The Horse in Motion: The Anatomy and Physiology of Equine Locomotion / Edition 1

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Overview

We all want our horses to be able to perform to the best of their ability and we know that an effective training regime has many facets. The horse must be worked correctly, fed a balanced ration, mentally and physically healthy and well looked after. This book examines a further aspect of the horse’s performance: it is designed to help all horse owners and riders to understand how a horse moves and how its anatomy helps, or hinders, the horse’s athletic ability.

First, the book uses sequences of photographs and detailed anatomical drawings to show the systems of support and movement at each phase of each of the horse’s gaits. The walk, trot, canter, gallop and jump are all examined, and the effect of the rider on the horse evaluated so that the rider can take appropriate action to avoid hindering the horse. Tips are provided throughout on ways in which the horse’s life can be made easier, such as saddle fitting, warming up and cooling down procedures.

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Editorial Reviews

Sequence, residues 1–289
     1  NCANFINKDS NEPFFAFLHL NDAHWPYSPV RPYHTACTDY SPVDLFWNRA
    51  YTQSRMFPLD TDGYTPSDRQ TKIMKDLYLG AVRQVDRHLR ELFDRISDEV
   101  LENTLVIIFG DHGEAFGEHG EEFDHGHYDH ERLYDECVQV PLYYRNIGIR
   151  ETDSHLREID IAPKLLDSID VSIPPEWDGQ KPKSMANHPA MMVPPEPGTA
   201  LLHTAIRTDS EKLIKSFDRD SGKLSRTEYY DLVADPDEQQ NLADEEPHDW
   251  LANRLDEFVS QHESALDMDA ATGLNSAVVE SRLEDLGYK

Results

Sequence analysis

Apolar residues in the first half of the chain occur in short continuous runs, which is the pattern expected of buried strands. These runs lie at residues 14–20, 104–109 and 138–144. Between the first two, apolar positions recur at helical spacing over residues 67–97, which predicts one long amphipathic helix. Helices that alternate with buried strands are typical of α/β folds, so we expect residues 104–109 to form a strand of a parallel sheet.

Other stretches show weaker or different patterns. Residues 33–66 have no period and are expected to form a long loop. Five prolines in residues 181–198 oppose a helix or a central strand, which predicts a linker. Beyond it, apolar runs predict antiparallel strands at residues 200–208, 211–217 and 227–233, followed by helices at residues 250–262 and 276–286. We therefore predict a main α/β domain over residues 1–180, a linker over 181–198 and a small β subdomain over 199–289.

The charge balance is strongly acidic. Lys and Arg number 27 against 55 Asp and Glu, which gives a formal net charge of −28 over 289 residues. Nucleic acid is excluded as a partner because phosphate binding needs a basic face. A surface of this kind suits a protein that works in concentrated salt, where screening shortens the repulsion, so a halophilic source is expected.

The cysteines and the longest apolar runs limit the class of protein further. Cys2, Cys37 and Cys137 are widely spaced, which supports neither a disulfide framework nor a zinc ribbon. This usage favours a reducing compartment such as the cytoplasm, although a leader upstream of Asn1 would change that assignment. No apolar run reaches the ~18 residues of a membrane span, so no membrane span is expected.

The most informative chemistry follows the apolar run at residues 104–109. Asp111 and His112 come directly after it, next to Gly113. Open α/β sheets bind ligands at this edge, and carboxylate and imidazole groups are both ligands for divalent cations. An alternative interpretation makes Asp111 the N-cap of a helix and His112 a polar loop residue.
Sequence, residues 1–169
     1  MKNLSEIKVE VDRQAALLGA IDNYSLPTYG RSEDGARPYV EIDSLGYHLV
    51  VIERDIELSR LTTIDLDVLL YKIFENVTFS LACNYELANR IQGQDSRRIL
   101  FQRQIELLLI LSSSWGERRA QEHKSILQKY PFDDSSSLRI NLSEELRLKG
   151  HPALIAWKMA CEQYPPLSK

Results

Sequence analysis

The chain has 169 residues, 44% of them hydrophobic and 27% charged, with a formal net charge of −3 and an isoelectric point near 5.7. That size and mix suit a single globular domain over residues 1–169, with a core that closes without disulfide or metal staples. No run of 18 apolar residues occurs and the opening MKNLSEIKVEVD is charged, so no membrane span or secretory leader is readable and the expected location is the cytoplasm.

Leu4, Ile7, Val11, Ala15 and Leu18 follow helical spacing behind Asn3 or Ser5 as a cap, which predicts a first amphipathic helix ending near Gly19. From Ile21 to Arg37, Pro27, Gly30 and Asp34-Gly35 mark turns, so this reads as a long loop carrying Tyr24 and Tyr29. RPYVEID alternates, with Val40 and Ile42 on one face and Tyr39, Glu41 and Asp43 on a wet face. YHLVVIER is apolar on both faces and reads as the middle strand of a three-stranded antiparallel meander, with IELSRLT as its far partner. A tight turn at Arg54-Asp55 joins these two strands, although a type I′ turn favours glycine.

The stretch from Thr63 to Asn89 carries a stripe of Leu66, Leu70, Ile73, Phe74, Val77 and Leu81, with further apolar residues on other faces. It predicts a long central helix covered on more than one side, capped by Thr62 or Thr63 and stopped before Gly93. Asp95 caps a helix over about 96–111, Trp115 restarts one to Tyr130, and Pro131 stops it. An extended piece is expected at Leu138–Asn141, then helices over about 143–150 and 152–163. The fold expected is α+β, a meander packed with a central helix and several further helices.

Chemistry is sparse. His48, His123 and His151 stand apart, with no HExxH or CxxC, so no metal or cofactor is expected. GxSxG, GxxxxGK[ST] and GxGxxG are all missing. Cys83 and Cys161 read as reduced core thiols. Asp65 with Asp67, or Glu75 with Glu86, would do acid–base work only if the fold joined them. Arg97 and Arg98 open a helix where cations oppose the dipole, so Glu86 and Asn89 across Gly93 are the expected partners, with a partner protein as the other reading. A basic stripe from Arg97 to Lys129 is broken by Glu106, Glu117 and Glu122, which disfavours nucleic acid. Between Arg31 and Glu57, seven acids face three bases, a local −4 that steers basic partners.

Doody's Review Service
Reviewer: Jonathan Hale Foreman, DVM, MS (University of Illinois College of Veterinary Medicine)
Description: This book is intended as a tutorial for lay persons on the anatomy and movement of their horses. The book has two main sections: anatomy and conformation and the "horse in action," or illustrations and text designed to teach the reader about how horses move in various gaits, including walking, trotting, cantering, galloping, jumping, and rolling and shaking.
Purpose: The book "is designed to help all horse owners and riders to understand how a horse moves and how its anatomy helps, or hinders, the horse's athletic ability." The authors cleverly combine three graphical elements (photographs, and drawings of musculature and skeleton) to illustrate, first, the anatomy of the horse, and second, the biomechanics of the various typical motions or gaits of the horse. These are important topics for horse riders and trainers to understand, and this book represents the first textual, non-anecdotal or observational, source material for horse owners to reference regarding the basics of equine biomechanics under different conditions.
Audience: The intended audience is horse owners and riders. This book will also prove to be valuable for any veterinarian, veterinary student, or animal scientist interested in equine biomechanics. The authors have adequately geared the text to their audience. The anatomical figures link photographs of actual horses with the same underlying anatomy drawn in separate but paired figures to illustrate the underlying anatomy.